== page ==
When coach is actually comfy: Review of Comfort+ on Delta’s Airbus A220, New York to Dallas
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Delta Air Lines has, like all U.S. airlines, parked a lot if its fleet in response to passenger traffic dropping during the coronavirus crisis — but it has not put in long-term storage any of its Airbus A220s. You can still find the 109-seater, Delta’s newest plane, all over the airline’s network. Popular with passengers and offering many amenities other planes its size don’t have, it’s going to become more and more a mainstay of Delta’s North American routes. That’s why we are republishing today our review of extra-legroom coach class on the A220, originally published in February 2019 and lightly edited from the original. With a score of 79, the A220 in economy proved significantly better than the 71-point average for domestic economy.
Note that during the COVID-19 crisis, our team has temporarily ceased taking review trips. As long as the crisis persists, you will also see a vastly different passenger experience on the ground and in the air, with reduced service and an emphasis on cleanliness and social distancing.
Massive overhead bins; 3-2 seating configuration; fast Wi-Fi; best-in-class inflight entertainment.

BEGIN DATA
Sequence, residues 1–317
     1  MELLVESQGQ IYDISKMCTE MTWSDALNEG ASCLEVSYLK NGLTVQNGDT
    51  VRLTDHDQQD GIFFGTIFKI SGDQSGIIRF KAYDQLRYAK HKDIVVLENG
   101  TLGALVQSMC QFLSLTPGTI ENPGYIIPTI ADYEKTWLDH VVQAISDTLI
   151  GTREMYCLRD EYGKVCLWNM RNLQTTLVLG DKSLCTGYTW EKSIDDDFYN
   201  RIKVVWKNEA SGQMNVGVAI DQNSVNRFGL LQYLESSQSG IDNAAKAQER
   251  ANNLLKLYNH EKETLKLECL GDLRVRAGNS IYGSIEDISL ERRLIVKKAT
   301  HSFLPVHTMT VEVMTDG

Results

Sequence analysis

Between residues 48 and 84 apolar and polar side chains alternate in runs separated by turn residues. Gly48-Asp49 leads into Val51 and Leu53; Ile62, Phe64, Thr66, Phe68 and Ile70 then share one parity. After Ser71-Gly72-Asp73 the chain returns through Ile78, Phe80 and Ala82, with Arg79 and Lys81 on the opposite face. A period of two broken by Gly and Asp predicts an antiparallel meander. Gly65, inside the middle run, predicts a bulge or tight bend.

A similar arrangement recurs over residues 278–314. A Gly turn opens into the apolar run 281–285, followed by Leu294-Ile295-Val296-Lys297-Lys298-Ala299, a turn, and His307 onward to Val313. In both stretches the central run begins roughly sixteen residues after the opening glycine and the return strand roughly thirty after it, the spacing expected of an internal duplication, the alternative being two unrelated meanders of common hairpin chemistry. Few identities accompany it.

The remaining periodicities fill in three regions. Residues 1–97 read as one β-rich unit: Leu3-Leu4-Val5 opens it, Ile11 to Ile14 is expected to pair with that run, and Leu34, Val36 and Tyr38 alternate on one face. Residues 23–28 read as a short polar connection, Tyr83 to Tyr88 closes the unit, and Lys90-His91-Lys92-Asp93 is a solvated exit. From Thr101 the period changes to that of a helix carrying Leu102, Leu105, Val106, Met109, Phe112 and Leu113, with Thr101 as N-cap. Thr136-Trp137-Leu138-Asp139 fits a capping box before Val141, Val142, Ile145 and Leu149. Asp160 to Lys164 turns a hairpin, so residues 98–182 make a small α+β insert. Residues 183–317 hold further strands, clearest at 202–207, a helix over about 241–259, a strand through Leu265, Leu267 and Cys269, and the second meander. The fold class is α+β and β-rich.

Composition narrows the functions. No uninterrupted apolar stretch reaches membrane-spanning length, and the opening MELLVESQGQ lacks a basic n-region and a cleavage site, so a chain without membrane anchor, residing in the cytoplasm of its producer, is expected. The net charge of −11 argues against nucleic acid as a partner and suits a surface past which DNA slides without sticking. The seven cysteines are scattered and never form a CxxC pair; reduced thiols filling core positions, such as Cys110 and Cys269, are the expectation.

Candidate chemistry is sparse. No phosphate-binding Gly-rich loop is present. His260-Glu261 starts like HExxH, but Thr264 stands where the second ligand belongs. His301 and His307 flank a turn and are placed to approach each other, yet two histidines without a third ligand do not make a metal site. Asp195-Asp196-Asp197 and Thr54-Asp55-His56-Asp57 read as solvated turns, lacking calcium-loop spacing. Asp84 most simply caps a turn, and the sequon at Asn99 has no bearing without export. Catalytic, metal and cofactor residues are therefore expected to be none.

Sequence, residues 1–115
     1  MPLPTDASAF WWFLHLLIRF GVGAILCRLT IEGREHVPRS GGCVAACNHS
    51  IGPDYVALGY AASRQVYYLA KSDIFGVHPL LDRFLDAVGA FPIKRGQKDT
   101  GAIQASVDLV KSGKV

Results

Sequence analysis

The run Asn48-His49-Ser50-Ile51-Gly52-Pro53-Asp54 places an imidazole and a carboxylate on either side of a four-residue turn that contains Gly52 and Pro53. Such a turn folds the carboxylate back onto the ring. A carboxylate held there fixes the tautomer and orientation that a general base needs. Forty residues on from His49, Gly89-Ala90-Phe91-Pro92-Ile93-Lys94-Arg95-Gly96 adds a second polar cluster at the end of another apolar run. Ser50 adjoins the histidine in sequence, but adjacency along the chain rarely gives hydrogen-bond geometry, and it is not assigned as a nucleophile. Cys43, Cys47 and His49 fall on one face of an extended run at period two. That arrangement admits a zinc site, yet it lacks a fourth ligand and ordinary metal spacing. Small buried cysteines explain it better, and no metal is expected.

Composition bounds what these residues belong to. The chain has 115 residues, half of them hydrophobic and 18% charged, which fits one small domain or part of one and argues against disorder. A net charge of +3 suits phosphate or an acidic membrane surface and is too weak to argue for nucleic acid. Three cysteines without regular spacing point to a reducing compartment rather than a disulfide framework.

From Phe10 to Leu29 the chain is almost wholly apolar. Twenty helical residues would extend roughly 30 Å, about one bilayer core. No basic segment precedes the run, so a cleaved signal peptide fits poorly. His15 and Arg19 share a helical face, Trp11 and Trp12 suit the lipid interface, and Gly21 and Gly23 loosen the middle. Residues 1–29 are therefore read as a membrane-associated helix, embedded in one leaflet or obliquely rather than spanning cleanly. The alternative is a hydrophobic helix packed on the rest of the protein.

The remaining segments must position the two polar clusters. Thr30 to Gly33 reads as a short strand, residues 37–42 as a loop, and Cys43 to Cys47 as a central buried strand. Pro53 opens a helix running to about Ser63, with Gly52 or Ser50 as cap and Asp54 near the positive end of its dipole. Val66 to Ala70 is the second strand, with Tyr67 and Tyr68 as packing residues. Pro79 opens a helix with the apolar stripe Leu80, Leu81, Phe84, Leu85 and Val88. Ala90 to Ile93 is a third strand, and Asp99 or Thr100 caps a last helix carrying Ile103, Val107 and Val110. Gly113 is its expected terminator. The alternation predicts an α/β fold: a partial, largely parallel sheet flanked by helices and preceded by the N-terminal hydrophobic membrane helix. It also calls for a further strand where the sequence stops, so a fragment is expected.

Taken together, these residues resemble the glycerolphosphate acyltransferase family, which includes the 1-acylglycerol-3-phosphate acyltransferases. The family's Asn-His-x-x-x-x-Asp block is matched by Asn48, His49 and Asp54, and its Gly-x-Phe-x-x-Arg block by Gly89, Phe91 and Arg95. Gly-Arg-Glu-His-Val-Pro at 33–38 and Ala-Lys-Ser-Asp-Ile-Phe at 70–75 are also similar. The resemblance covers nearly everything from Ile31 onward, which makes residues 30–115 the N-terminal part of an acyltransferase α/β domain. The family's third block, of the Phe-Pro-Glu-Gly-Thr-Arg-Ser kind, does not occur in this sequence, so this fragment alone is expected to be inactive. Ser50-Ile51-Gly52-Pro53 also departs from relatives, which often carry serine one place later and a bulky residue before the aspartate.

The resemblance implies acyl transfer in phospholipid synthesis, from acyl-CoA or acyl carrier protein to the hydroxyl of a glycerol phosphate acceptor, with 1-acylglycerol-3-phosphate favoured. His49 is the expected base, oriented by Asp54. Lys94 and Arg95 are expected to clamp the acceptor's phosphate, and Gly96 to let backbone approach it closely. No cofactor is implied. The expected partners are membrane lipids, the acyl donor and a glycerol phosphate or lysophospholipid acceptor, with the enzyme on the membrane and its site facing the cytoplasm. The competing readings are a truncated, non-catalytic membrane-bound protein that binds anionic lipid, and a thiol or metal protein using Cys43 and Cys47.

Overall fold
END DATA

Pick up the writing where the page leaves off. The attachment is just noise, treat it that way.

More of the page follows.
No live TV; hard armrests; not all economy rows are created equal.
Delta was the first North American airline to begin passenger service on the Airbus A220, and the only one currently operating it besides Air Canada. Delta says it’s the most fuel-efficient and quietest aircraft in the fleet. It also features the airline’s widest main-cabin seating. At 18.6 inches wide, Comfort+ and economy seats on this aircraft are over 8% wider than the 17.2 inch seats found on Delta’s domestic mainline jets such as the 737-900ER, and nearly 10% wider than the seats found on the CRJ900 regional jet.
You can read about overall feelings on the A220 aircraft and flight experience in my first-class review, while this review focus on Comfort+.
Delta claims that the A220 offers wide-body amenities in a narrow-body jet, and after flying it for an entire day, I have to agree.
Delta’s A220 fleet will consist of 45 A220-100 series aircraft, and 50 of the larger A220-300 variant. Delta anticipates taking its first delivery of the A220-300 this year. The new jet is often found on routes of around 900 miles frequented by business travelers. These happen to be routes commonly served now by CRJ700, CRJ900 and Embraer 175 regional jets. Passengers used to sitting in one of those RJs are in for a major treat with the A220.
My flight, the 7:45am departure to Dallas–Fort Worth, was on A220 with the registration N104DU, delivered a little more than a month earlier.